Paris, Bibliothèque nationale, lat. 17655 [link] – a six-book copy of Gregory of Tours’ Historiae, written in a cursive hand reminiscent of charter script. The first three folios show signs of Luxeuil training, in its minuscule and in its uncial. Thereafter, the script is most likely from Corbie. Notable features include longer ascenders and descenders, broken-backed c, d has a short additional descender, h leans to the left, y is v-shaped with a dot above (as in Luxeuil minuscule). There are few abbreviations but a telling use of the insular h=autem on f. 92.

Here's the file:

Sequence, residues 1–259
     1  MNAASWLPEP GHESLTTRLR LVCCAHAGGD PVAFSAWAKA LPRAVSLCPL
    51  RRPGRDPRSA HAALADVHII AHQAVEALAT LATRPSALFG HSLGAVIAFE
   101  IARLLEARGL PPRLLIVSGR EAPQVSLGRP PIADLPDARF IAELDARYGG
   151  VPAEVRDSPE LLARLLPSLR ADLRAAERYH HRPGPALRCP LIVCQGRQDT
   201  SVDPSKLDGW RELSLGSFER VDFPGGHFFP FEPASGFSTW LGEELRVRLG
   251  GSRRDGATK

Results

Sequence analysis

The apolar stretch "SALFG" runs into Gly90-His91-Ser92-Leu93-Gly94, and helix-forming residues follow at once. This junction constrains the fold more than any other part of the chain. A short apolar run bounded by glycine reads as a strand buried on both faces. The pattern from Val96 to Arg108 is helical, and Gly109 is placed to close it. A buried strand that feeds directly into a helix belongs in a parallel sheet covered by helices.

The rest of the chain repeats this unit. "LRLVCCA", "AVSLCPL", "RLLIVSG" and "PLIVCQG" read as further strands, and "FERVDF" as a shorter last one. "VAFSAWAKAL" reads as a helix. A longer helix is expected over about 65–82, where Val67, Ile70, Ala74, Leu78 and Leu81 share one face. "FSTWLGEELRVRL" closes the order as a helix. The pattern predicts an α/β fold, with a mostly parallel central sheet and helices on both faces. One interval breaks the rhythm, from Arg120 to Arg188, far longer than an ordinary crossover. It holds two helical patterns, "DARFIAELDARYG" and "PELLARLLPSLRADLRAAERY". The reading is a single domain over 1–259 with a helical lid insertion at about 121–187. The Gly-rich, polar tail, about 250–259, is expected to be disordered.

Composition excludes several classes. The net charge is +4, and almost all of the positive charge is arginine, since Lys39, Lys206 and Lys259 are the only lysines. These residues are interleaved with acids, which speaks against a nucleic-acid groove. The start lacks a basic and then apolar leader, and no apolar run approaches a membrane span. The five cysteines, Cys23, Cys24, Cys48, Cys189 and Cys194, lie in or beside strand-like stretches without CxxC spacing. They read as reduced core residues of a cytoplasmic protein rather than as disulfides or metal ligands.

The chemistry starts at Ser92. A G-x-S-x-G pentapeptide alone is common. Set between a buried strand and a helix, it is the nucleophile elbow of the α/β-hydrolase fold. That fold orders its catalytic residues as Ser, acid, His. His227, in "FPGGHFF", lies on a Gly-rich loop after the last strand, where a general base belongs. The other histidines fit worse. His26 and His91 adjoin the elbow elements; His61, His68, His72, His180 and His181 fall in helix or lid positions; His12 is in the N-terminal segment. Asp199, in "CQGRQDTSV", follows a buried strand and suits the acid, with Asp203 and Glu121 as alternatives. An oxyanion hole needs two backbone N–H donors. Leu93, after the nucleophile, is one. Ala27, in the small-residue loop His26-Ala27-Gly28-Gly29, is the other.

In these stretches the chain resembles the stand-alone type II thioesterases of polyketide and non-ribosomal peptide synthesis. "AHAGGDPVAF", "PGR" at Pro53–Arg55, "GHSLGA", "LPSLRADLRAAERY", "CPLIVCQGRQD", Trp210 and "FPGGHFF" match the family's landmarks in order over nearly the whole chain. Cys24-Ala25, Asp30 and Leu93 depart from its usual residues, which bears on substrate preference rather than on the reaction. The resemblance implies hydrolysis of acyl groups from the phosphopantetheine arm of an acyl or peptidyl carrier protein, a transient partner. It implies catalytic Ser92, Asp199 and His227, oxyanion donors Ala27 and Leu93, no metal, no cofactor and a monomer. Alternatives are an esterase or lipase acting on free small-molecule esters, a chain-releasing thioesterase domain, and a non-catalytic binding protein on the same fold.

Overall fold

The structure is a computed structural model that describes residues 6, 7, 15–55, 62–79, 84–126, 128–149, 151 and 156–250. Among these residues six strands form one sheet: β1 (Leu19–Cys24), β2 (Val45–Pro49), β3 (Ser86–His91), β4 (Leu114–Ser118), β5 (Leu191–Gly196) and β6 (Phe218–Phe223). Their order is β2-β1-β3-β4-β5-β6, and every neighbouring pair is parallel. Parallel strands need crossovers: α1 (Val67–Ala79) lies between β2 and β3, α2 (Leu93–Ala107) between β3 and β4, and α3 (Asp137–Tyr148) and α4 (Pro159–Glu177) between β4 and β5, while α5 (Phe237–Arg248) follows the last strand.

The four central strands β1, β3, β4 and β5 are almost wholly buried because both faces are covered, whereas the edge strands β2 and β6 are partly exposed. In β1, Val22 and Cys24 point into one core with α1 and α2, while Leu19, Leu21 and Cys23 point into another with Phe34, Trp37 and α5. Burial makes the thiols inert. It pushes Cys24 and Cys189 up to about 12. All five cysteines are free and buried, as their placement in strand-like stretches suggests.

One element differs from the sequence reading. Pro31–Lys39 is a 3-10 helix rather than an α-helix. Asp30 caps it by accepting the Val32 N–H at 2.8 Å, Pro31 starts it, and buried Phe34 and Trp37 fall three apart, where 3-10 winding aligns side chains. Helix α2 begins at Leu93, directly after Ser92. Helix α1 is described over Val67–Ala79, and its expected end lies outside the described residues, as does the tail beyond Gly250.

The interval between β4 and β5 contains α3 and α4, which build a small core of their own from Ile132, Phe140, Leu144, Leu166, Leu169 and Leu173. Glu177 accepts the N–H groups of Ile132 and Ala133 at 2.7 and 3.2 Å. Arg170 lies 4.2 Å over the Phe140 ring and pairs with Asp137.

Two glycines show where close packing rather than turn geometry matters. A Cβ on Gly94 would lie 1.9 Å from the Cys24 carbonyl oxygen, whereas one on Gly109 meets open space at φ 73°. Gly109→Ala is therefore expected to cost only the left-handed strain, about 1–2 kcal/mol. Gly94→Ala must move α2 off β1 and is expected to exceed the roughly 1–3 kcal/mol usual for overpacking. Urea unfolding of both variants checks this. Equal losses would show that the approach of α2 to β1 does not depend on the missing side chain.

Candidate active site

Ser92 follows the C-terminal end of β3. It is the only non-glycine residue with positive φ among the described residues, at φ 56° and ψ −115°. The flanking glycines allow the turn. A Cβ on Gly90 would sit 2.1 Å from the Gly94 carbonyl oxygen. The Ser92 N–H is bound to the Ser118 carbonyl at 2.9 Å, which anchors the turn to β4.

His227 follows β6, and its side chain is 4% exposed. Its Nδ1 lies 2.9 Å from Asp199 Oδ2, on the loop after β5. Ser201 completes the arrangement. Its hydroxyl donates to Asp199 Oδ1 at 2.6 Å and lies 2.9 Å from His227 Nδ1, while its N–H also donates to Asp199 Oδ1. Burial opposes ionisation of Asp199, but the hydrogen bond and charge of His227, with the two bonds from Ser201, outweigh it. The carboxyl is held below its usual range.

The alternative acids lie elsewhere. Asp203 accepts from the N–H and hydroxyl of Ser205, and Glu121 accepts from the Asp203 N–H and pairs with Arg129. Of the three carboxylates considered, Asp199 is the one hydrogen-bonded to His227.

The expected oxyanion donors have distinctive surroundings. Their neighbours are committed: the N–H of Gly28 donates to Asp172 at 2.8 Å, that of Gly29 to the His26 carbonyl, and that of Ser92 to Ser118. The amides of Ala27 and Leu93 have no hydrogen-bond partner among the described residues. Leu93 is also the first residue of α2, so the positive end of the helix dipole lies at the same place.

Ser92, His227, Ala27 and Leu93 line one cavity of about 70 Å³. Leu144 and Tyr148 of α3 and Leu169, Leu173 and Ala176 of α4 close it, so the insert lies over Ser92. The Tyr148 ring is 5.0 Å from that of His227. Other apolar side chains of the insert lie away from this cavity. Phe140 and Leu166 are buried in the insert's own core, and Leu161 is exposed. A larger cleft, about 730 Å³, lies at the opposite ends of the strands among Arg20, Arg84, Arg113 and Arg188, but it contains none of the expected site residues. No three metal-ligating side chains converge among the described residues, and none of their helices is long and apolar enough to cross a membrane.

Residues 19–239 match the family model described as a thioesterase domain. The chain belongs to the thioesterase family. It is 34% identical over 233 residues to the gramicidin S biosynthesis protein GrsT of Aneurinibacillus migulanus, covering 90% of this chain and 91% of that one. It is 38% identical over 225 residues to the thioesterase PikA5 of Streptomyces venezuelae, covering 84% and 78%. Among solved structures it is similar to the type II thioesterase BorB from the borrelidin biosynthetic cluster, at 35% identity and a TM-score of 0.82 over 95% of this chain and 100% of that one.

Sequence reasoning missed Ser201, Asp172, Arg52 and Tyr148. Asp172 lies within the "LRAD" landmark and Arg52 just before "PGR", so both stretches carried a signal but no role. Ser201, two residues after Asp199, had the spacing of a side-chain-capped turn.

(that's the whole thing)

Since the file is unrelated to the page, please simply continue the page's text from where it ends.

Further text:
St Gall, Stiftsbibliothek, Cod. Sang. 214 + fragments [link] – an eighth-century copy of (Pseudo-)Gregory the Great’s Dialogi, probably from ‘Northeastern France’ and with affinities to the Corbie script. The script is related to Merovingian charter script (with long ascenders and descenders) but at some distance. The most notable feature is the way in which ‘b’ is round at the bottom and ligatures, the ‘a’ is angular and open, ‘c’ is high and curly, and ‘n’ is often in majuscule. The fish decoration on p. 11 is typically Merovingian. Lowe’s description of the text as ‘ungainly and inexpert’ seems harsh.